Score two for the gamblers. Today the Supreme Court handed a double defeat to the Republic of Argentina in its effort to default on sovereign bonds issued in 1994. That means a double win for NML Capital, that so-called vulture fund that holds $1.33 billion of those bonds bought for pennies on the dollar in the hopes that the U.S. courts would eventually try to make Argentina pay.
In the first win, the court refused to hear Argentina’s appeal from a decision of the U.S. Court of Appeals for the Second Circuit that required Argentina to treat the holders of the original 1994 bonds the same way it treats holders of the bonds that were swapped for those 1994 bonds in 2005 and 2010. Since Argentina offered a restructured debt obligation to the 2005 and 2010 holders, and wants to pay them off, that means the sovereign country would under U.S. law now have to pay NML 100 cents on the dollar. Now, barring some new creative escape strategy, Argentina will likely have to choose between defaulting on its later bonds or paying off NML.
The second win for NML came in a high-court opinion allowing the lower courts to order discovery of Argentina’s assets -- commercial and noncommercial -- outside the U.S., with an eye toward the possibility of executing judgment on those assets in fulfillment of the debt obligations. Whether those assets could ultimately be captured and converted into payment for bondholders remains uncertain. But the decision tightens the noose around Argentina’s refusal to pay NML. It therefore increases the odds of the settlement that, presumably, is NML's best chance of a payoff.
Were these important decisions correct legally, financially and internationally? The court’s refusal to hear Argentina’s appeal in the underlying bond case is legally surprising, financially worrisome, and internationally questionable. Consider that the general view among international lawyers and financial professionals is that countries have an inherent sovereign right to default on their debts whenever they feel like it – provided they are willing to pay the market price of increased cost of capital future. This right to stiff your creditors goes back at least to the Middle Ages. It’s grounded not in morality, but in the raw power of the sovereign and the wish of the international community -- made up of other sovereigns – to recognize that power reciprocally.
NML, which is run by the billionaire Paul Singer, was able to get good odds on its bet because most financial observers quite reasonably thought it couldn’t make Argentina pay. Allowing the lower court’s ruling against Argentina to stand has the effect of shifting those expectations. It means that countries issuing debt in the U.S. will not only have to be careful about not promising equal treatment to bondholders -- the key issue in the lower court’s decision -- but will also have to think long and hard about being blocked by creative American lawyers hired by risk-taking American hedge funds and supported by moralistic American courts.
As an international matter, it’s not only Argentina that is likely to be miffed. Other countries that are interested in limiting the sovereign immunity of the U.S. in various ways will take the decision as an inspiration, if not precisely a precedent. The investigation in Germany of unnamed U.S. agents who tapped Angela Merkel’s phone is the kind of symbolic action that is likely to proliferate, and in which the new U.S. approach on bonds may well be cited.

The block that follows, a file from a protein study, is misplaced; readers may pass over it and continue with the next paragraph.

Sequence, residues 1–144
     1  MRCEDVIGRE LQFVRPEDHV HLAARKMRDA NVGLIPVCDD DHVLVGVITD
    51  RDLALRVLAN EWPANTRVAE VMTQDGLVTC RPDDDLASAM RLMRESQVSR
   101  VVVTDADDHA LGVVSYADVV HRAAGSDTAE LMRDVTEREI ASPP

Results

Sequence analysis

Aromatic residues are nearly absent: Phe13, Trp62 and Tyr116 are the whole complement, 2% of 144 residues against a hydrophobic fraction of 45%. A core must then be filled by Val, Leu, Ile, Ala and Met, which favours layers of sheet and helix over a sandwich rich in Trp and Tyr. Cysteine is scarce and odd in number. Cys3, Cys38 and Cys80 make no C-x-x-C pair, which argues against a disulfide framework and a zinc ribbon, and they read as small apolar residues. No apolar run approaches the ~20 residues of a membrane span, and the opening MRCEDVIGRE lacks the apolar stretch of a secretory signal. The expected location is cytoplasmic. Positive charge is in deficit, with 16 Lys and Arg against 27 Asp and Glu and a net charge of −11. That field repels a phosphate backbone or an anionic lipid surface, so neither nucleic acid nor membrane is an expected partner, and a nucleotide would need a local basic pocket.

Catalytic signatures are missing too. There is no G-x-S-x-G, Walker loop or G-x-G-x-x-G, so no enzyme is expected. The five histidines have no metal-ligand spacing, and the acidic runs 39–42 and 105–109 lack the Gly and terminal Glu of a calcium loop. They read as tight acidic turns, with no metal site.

The plausible rationale for the Supreme Court not to take the underlying NML case is that the court didn’t relish the thought of being under the spotlight of intense financial speculation about the high-stakes outcome. It takes the court at least a year from agreeing to hear a case until resolution -- a long time to be the subject of constantly changing market judgments, some of it publicly visible and covered by the press. At a personal level, the justices likely want to avoid being thought of as cogs in an outcome-generating machine that resembles the Belmont Stakes.
As an institution, the contemporary Supreme Court barely ever leaks. But the financial stakes of a single decision are rarely this high, and no one at the court would wanted to increase the temptation to breach confidentiality. The fact that the justices considered the petition to hear the case only last week and immediately decided not to take it suggests the court saw it as a hot potato.
The court’s actual decision on discovery is surprising as well. In essence, Justice Antonin Scalia explained that the Foreign Sovereign Immunities Act, which confers immunity on any execution of Argentina’s non-commercial property in the U.S., doesn’t extend to property outside it. If the decision has international consequences, Scalia wrote, those are for Congress to confront, not properly a concern of the court. Justice Ruth Bader Ginsburg dissented alone, condemning the fishing expedition into property held by Argentina outside the U.S. that very likely could never be converted into assets for NML.
The court’s opinion on the discovery issue can be understood as a standard piece of formalistic statutory interpretation: If no law expressly bans the discovery, then it can be ordered. And perhaps this best explains why so many justices across the political spectrum joined the opinion. But given that the decision was issued at the same time as the order denying hearing of the underlying case, it’s tempting to see it as a further shot across Argentina’s bow. The defaulting sovereign didn’t get any respect at the court today. The consequences will be lasting -- and won't likely always be in Americans' interests.
To contact the writer of this article: Noah Feldman at firstname.lastname@example.org.
To contact the editor responsible for this article: Tobin Harshaw at email@example.com.